Fighting for Florida
| Dec 29 2012
Last month, I watched with great sadness as Hurricane Sandy hit various eastern seaboard states and destroyed towns, property and lives. While Florida was spared the worst damage seen in the northeast, given Sandy’s sheer size and trajectory, even our state experienced some damage.
As a Floridian, I am all too familiar with the impact of storms like this and offered my prayers that the people impacted by Sandy would find strength in God's love and the company of their loved ones in its aftermath.
From a public policy standpoint, I have always believed one of the most critical roles of any government is to help people impacted by natural disasters. Effective coordination between local, state and federal governments are vital to helping people and starting the clean-up and rebuilding process. Swift, smart action can make a huge difference in difficult times like these.
That's why I've made clear in the past that emergency assistance bills like this should be handled with a sense of urgency and should not be derailed by efforts to find spending cuts to offset them, for example. When people are suffering gravely because of natural disasters, every moment we delay is a moment of delayed relief for victims.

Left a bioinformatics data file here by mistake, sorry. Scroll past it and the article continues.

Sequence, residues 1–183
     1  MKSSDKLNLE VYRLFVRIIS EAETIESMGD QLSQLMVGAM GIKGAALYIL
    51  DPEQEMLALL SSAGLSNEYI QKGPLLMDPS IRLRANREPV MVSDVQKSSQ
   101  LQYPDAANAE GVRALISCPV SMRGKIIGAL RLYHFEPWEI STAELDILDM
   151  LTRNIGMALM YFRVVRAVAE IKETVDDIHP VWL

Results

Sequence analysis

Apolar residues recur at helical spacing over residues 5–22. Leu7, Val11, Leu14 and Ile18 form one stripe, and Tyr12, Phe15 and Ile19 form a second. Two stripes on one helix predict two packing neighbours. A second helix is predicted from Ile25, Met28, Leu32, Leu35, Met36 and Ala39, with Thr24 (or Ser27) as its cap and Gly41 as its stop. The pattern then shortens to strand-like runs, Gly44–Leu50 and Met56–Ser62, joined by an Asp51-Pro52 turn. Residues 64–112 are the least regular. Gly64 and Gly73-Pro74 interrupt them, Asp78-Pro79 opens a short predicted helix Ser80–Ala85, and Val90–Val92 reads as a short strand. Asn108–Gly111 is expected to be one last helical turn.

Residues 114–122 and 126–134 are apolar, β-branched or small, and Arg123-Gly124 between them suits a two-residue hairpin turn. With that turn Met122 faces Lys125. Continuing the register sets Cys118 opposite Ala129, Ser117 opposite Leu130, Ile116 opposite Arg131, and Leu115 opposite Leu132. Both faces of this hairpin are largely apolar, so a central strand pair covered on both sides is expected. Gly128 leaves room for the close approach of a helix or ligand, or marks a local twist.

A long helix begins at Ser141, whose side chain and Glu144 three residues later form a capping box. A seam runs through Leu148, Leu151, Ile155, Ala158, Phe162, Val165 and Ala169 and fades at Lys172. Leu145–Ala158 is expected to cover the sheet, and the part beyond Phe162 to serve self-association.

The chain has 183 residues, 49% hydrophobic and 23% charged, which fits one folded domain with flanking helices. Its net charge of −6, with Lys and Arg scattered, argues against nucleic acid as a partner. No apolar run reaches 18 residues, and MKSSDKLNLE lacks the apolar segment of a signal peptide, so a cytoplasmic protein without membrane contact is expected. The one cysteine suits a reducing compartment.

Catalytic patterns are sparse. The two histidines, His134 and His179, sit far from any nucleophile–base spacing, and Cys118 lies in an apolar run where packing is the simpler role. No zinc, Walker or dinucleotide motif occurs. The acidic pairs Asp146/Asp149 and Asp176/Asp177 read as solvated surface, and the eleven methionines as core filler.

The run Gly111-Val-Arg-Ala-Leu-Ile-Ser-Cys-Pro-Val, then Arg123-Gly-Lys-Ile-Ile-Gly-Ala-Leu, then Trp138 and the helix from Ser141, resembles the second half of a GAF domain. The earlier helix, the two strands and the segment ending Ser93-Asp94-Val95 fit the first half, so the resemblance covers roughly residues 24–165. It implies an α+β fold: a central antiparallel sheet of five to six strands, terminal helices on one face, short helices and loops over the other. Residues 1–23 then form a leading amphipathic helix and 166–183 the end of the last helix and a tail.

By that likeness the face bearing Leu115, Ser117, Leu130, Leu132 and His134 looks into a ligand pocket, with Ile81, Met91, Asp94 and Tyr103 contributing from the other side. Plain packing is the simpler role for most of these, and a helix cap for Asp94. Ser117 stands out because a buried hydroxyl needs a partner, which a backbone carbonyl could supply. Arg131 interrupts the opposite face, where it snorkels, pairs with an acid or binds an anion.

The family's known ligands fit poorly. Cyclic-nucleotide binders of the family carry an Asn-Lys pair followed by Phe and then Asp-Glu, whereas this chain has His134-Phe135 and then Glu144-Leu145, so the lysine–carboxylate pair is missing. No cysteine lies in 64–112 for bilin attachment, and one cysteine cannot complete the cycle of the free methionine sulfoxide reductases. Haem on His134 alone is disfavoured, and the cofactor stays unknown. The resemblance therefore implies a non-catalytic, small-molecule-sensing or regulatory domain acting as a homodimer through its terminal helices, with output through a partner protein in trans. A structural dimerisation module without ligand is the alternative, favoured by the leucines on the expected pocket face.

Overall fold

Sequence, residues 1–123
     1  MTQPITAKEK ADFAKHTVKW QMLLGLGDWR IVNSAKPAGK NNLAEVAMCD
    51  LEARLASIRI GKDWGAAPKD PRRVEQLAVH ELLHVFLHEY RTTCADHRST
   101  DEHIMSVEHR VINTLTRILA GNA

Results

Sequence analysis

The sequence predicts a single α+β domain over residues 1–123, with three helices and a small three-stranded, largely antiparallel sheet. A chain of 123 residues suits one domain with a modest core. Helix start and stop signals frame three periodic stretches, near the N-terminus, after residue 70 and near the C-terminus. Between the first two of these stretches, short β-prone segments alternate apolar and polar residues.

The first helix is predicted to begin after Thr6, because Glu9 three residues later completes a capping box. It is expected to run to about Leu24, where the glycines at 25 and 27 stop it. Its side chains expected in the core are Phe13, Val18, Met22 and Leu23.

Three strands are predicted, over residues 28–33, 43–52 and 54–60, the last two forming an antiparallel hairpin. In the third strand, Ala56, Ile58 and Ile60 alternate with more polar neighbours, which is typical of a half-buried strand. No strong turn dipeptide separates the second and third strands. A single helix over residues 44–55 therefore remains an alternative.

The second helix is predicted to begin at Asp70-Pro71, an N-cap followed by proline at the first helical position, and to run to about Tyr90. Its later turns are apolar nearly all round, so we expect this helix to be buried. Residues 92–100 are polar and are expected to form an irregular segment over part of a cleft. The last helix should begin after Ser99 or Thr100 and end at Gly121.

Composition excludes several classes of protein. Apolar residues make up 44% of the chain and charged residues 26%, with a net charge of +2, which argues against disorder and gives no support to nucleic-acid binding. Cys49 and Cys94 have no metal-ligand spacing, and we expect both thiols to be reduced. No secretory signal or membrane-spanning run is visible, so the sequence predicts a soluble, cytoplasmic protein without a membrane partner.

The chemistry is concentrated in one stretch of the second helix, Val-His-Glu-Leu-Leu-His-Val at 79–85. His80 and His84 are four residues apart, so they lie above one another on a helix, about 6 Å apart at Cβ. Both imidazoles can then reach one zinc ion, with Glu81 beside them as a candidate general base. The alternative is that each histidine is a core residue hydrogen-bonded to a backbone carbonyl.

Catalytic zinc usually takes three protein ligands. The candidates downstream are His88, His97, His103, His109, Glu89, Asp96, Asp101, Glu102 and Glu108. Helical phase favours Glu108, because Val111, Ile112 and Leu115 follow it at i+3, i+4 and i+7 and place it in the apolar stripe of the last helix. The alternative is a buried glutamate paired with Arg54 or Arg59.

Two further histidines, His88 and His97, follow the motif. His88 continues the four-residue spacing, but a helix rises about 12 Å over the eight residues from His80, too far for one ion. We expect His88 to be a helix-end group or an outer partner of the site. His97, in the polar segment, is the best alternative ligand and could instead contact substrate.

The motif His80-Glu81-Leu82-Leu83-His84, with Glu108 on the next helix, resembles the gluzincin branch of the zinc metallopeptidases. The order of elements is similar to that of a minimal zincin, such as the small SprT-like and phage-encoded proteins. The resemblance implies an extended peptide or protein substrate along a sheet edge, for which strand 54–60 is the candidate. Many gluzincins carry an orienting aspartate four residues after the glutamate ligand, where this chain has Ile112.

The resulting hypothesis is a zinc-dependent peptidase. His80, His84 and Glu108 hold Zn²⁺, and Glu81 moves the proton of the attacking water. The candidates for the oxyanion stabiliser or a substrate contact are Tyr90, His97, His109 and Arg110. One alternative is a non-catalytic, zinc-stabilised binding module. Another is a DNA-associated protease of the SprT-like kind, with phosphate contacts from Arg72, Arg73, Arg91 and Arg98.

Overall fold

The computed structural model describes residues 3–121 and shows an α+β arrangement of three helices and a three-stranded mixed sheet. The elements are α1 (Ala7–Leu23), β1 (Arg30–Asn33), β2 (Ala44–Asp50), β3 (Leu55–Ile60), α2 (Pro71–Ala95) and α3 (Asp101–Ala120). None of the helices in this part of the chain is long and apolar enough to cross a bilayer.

However, we do have a responsibility to make sure this emergency spending is ultimately going to disaster relief, and not to other pet projects. Unfortunately, the Hurricane Sandy supplemental bill goes far beyond emergency relief to impacted victims and communities, which is why I voted no on final passage.
For example, it includes spending for fishery projects in Alaska, money to fix museum roofs in Washington, D.C., money to plant trees around the country, and money for a water resources priority study, among other measures. It calls for $818 million for the Environmental Protection Agency (EPA), $336 million for Amtrak and $482 million for National Oceanic and Atmospheric Administration (NOAA) – all amounts exponentially greater than originally requested by the White House. Despite several votes on amendments intended to strip out this excess, unrelated spending and return the bill to its original purpose of helping families and communities impacted by Hurricane Sandy, the final bill went far beyond that.
In sum, the current spending bill goes far beyond emergency relief and all efforts to strip the bill of unrelated pork are being blocked. As a result, I cannot support it. Instead, I support a cleaner alternative version proposed by Senator Dan Coats (R-IN) that costs less by keeping the focus on people and communities impacted by Hurricane Sandy.